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SINGAPORE - Singapore passed a law on Wednesday making it possible to ban photographs or videos of terror attack sites or communicating information about security operations amid criticism from rights groups that the move could curb press freedoms.
The wealthy city-state ranks as one of the safest countries in the world, but authorities say it has been a target of Islamic extremists since the 1990s and they have stepped up efforts to deter an attack.
The bill, proposed last month, includes provisions to ban anyone from taking videos or photographs of the area of a terror attack or transmitting them.
It can also ban communication of text or audio messages about the security operations in the area. The measures can be taken under a "communications stop" order if approved by the home affairs minister and activated by the police commissioner.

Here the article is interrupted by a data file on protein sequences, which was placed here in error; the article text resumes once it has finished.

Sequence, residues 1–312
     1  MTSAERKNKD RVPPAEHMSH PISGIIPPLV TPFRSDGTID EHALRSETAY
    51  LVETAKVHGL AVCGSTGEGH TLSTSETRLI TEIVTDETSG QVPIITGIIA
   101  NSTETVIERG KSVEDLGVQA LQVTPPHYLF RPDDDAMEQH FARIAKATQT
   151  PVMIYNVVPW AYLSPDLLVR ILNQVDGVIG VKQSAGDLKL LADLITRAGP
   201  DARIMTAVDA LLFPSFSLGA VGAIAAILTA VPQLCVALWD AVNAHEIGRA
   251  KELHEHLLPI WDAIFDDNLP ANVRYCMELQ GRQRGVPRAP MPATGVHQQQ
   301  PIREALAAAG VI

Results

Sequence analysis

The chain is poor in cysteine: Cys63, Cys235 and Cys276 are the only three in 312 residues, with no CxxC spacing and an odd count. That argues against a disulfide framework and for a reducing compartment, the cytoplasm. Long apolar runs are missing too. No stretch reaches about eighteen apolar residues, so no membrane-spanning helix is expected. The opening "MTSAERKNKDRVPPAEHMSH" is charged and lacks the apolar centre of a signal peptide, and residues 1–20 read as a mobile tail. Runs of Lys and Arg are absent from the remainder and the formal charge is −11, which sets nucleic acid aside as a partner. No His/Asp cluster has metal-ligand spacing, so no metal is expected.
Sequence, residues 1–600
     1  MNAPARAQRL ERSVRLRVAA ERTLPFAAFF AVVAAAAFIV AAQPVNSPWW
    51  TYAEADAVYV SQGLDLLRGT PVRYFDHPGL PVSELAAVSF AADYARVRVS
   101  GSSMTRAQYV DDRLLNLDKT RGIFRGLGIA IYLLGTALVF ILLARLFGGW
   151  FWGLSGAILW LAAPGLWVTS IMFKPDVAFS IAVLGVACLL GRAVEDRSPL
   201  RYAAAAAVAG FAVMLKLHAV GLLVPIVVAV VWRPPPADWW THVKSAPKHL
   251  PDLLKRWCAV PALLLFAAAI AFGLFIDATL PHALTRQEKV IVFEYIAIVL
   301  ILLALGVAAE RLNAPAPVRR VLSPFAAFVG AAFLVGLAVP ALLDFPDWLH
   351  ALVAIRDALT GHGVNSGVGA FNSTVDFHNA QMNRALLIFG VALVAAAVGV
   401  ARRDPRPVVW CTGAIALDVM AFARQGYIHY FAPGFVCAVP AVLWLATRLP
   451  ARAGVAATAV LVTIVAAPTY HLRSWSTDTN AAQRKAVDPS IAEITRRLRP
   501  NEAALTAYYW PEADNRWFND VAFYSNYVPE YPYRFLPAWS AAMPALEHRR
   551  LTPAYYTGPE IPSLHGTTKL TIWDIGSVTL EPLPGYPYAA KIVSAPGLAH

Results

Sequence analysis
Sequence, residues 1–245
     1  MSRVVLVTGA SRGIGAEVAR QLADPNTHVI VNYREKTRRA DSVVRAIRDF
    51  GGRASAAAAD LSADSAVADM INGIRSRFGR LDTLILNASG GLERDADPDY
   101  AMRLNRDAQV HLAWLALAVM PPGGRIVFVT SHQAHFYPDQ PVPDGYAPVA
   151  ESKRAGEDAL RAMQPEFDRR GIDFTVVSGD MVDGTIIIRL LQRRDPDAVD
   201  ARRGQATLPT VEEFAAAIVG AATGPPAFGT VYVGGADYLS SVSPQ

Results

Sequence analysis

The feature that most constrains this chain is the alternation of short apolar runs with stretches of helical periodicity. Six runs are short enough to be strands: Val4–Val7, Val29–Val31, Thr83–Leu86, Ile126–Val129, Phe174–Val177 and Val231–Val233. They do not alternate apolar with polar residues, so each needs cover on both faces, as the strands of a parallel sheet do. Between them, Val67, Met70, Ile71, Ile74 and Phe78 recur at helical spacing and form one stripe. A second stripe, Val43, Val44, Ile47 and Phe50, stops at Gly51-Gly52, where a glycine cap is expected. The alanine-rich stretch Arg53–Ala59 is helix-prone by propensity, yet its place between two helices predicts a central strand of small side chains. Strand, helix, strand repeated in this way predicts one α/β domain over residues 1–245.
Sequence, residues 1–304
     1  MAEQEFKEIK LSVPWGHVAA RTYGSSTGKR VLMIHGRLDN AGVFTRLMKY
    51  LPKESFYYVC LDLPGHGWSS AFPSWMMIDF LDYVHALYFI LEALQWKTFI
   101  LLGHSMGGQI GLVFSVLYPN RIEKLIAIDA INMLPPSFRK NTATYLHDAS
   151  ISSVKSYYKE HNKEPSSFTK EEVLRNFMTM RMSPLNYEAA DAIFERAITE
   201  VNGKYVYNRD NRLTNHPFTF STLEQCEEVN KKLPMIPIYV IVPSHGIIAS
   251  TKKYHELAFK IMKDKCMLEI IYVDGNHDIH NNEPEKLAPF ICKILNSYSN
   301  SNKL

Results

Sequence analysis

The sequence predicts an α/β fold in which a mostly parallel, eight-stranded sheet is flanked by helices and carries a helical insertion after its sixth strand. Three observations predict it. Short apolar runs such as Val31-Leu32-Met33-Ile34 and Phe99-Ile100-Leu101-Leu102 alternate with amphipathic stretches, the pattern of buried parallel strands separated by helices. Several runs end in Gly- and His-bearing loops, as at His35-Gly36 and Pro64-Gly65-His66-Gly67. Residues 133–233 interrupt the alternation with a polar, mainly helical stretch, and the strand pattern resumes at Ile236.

"The CSO (communications stop order) is not an information blackout throughout the terror incident," Josephine Teo, minister in the Prime Minister's Office, told parliament ahead of the vote.
Information leaks to terrorists could risk the lives of security officers and those caught up in an attack, the home affairs ministry has said, citing media coverage of police operations in a 2015 attack in Paris and a 2008 attack in India's financial capital of Mumbai.
Groups that advocate press freedom have expressed concern that the law gives the government the power to restrict what can be reported.
Human Rights Watch separately said the inclusion of public protests as an example of a "serious incident" meant the law can be used to infringe on freedom of speech.
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